Now everything is ready to start tackling those rotten walls:
Next step is the corner bracing. They have a piece of 1/8" plywood over top the 3/4" plywood brace, so gently pry off the 1/8" trim and save it for reinstall if it's not rotten. If it's rotten save it for templating your replacement piece. Then the corner braces themselves, they're "stitched" onto the 1/8" plywood skin with several staples, do your best to pry these off without damaging them or the walls that they're butted to. If it's all rotten then pry them off and save them for templating your replacement parts.
Next comes the wall skin. I used a 3" flex putty knife and a hammer start to pry/chisel the 1/8" plywood off of the styrene foam. If the plywood is rotten like mine then this is messy. There may be mold in here, so wear a respirator or at the very least a dust mask. Keep at it, this can take a while.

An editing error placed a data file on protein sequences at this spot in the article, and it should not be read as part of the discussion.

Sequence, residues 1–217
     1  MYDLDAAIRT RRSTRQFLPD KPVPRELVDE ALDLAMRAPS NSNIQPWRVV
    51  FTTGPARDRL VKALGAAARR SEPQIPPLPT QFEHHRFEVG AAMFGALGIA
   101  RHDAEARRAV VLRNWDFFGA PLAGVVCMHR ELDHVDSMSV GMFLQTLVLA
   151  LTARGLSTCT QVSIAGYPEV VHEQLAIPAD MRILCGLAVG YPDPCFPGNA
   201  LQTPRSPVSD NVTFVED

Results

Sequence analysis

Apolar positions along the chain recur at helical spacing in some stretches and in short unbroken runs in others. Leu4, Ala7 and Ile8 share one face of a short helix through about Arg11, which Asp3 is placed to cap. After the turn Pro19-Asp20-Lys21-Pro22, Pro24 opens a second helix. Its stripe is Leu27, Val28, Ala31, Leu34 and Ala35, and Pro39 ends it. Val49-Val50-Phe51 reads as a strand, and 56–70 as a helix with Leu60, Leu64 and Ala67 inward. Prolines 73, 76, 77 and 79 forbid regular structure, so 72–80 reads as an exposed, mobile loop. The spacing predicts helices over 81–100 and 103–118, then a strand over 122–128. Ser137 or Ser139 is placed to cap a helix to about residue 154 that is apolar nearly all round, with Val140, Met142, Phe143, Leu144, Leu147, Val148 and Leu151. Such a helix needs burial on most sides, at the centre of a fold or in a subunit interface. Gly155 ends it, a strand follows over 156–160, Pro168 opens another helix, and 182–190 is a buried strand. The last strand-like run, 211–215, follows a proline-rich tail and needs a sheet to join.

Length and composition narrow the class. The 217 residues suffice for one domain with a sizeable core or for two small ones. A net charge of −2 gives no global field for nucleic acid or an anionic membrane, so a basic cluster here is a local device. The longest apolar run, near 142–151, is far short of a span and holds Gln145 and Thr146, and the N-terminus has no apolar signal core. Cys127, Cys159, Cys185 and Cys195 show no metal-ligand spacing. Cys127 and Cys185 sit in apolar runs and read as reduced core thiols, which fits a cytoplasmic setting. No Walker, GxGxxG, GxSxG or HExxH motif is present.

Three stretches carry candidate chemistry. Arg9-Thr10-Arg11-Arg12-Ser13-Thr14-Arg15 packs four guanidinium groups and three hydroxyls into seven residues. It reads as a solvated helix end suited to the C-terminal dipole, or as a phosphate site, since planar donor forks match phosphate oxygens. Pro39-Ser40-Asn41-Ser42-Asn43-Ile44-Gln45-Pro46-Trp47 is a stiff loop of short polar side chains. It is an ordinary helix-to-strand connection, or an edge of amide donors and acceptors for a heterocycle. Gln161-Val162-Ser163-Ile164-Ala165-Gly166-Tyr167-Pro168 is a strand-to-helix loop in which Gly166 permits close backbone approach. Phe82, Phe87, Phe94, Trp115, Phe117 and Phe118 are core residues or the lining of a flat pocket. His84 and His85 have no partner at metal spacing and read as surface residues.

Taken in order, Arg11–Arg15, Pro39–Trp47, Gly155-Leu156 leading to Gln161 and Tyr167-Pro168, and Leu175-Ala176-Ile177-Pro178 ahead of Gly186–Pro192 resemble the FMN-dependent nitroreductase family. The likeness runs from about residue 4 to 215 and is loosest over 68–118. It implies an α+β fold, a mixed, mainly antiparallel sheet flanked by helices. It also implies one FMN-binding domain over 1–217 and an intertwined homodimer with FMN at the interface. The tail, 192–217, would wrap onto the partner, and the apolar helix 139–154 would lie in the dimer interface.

Next it's time to assess wet styrene foam. I chose to remove anything that was wet as I didn't think I could dry it out in a reasonable amount of time. BE CAREFUL. The fiberglass underneath is only 1/8" thick chopped strand. This can delaminate if you're too rough when you remove the foam and adhesive. I used the same 3" flex putty knife and hammer to pry/scrape off the 1" styrene foam. Be sure to cut square joints so you can have an easy to cut shape for installation of new foam.
There's also structural 1" plywood throughout the walls of the trailer. It's either for mounting exterior fittings (like the awning